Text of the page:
I don't have many vices, but watching "The Hills" is one of them. And until a few months ago, I never felt guilty about it.
Previous seasons were so packed with luminously lit soap-operatic drama and (inadvertently) hilarious dialogue that each half-hour episode flew by, a pleasurable bonbon with fewer calories than a rice cake. The show pivots around Lauren -- the ultimate reality-TV It girl, so transparent you can barely see her at all. An apple-cheeked Teen Vogue intern, Lauren has for three seasons bravely brooked betrayal by boys she crushed on and by ex-best friend Heidi and her sinister boyfriend, Spencer, who (in case you've been squatting in a cave) supposedly spread word of a sex tape of Lauren to the media . Lauren's true girlfriends rallied round her -- in an endless series of beautifully filmed West Hollywood cafes, boutiques and clubs -- and bucked up her confidence. Not that it ever flagged for too long, because there was always her dalliance with boys like Brody Jenner (who starred in his own short-lived reality show, "The Princes of Malibu," with his ex-best friend Spencer) to keep her aflutter. And for comic relief, there was Lauren's sidekick, the strangely blank Audrina, and her unlikely love interest, a motorcycle-riding lunk considered trash by Lauren's friends, who nicknamed him Justin Bobby.
Somehow it all went sour this year. Perhaps it was the gluttonous decision to extend the season, but when the show returned for extra episodes in 2008, "The Hills" had lost its luster. The semi-unreality of the series had always been one of its main selling points; after all, isn't TV more exciting than real life? But it wasn't until recently that I started obsessing over the show's fakeness. Where once I just allowed myself to steep in the "Hills"-ness of it all -- the pleasant sensation of wafting through the California sunshine with wispy young things, the shock of recognition at the tiny emotional tensions and treacheries that eat away at female friendships -- now I find myself wondering how they did every scene.
When Lauren sits in a packed classroom gossiping with Spencer's sister, I wonder whether they were given an outline of topics and how much they had to pay the fashion school to let the show film there. (Is it a real class? Are the girls even enrolled there?) When Lauren and her viperish friend Lo decide to rent a house together and to leave Audrina out of their activities, I wonder whether the plotline was dictated to the girls ahead of time -- and if so, did Audrina know? Did she agree to be made into the lonely girl, triangulated until she had no one left but the newly returned Justin Bobby, who is now her white knight sagely counseling her to break away from Lauren and Lo and their "bad vibes"? When Lauren confronts her about their waning friendship, the slightly pained twitch on Audrina's face in the finale -- as close as she gets to high emotion -- suggests she probably wasn't in on the script meetings.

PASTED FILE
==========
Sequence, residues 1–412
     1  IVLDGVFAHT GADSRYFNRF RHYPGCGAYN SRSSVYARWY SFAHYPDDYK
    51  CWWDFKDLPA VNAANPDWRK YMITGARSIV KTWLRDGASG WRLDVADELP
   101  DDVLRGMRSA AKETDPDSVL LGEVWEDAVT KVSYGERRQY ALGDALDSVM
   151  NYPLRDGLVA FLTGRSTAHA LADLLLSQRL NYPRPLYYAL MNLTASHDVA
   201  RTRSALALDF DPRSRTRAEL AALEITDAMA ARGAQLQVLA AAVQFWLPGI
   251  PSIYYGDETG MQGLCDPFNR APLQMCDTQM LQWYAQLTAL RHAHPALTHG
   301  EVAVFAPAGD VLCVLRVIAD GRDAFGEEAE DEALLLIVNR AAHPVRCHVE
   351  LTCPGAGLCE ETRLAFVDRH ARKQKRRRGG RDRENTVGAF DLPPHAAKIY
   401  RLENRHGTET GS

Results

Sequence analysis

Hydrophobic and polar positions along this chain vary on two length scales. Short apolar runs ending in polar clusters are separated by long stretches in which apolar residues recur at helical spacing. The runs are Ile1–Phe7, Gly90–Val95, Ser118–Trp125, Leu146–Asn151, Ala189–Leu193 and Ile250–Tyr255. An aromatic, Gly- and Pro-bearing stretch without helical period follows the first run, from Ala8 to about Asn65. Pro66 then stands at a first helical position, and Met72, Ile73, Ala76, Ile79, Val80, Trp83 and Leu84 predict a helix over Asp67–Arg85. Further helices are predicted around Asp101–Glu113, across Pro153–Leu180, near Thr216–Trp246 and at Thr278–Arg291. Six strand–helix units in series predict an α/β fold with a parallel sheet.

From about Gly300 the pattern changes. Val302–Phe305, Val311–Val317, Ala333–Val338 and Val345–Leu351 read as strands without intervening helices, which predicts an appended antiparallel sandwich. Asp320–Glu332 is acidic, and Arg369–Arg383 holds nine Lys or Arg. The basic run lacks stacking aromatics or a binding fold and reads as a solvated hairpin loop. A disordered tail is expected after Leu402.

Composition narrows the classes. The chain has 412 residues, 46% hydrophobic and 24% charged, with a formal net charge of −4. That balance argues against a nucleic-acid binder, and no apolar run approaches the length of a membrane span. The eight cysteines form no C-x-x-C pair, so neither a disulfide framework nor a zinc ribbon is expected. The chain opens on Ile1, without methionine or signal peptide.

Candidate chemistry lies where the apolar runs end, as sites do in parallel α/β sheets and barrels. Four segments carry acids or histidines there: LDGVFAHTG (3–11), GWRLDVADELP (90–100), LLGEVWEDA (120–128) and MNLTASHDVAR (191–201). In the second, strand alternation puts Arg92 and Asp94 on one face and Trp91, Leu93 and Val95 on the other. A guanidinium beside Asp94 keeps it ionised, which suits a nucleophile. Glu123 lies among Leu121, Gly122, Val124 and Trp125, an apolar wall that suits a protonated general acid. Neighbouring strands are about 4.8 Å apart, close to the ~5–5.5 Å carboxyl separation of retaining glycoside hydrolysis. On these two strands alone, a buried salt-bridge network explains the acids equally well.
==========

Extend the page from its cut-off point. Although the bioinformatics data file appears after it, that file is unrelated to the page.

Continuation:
Then again, Heidi and Spencer have forged a joint career out of looking slightly pained on-screen on "The Hills" (and then, once off-screen, grinning like maniacs for any tabloid photographer within 150 feet). This season Heidi kicked Spencer out of their apartment, part of her supposed attempt to win back Lauren's friendship. This should have been hugely rewarding, but it turned out to be a tedious development resulting in repetitive discussions about "moving on" and a lot of scenes with Spencer bumming around his sister's apartment looking bored and rueful. For the finale, Heidi decided to move on literally -- by taking a business trip to Vegas with her nightclub maven/hotel developer boss -- and Spencer chose to follow her. In one of the stagiest, most perfunctory scenes ever to appear on "The Hills," he shows up at a nightclub where she is schmoozing with her colleagues and demands to see her. "You gotta get that under control," Heidi's boss snaps at her. The (artificial) choice here is clear: It's Spencer or her career. Her pick is revealed in the next scene, when she misses her morning appointment with the boss and instead appears on Spencer's arm. Just as in previous seasons she chose boyfriend over best friend, Heidi has put her dickhead partner-in-crime above all else. She knows better than anyone that Spencer is her career.
MTV likes to surround "The Hills" in a halo of hype and celebration. It threw a huge party for the fake ending of the third season -- which meant it had to go even bigger for the real finale Monday night. So it crammed a Hollywood chateau full of festive activity (Usher sings! Whitney walks in 5-inch heels without toppling! Fans bring gifts for Lauren and Lo's new puppy!), with members of "the cast" breathlessly rehashing their conflicts -- but not too much because, as Audrina points out, they can't give away too many details of Season 4. And so go the days of their so-called lives.
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